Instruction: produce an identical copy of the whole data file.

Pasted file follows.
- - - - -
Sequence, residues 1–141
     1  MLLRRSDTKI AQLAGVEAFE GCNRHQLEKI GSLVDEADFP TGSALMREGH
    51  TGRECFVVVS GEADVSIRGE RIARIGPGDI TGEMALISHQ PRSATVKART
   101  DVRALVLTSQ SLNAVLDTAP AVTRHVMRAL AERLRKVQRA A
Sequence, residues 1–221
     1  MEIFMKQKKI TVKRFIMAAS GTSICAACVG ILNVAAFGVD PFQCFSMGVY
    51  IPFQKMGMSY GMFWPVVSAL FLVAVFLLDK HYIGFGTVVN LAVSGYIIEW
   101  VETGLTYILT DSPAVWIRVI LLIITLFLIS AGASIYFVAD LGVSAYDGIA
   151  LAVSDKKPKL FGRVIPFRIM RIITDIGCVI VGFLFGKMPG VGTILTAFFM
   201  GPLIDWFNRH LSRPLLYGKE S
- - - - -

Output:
Sequence, residues 1–141
     1  MLLRRSDTKI AQLAGVEAFE GCNRHQLEKI GSLVDEADFP TGSALMREGH
    51  TGRECFVVVS GEADVSIRGE RIARIGPGDI TGEMALISHQ PRSATVKART
   101  DVRALVLTSQ SLNAVLDTAP AVTRHVMRAL AERLRKVQRA A
Sequence, residues 1–221
     1  MEIFMKQKKI TVKRFIMAAS GTSICAACVG ILNVAAFGVD PFQCFSMGVY
    51  IPFQKMGMSY GMFWPVVSAL FLVAVFLLDK HYIGFGTVVN LAVSGYIIEW
   101  VETGLTYILT DSPAVWIRVI LLIITLFLIS AGASIYFVAD LGVSAYDGIA
   151  LAVSDKKPKL FGRVIPFRIM RIITDIGCVI VGFLFGKMPG VGTILTAFFM
   201  GPLIDWFNRH LSRPLLYGKE S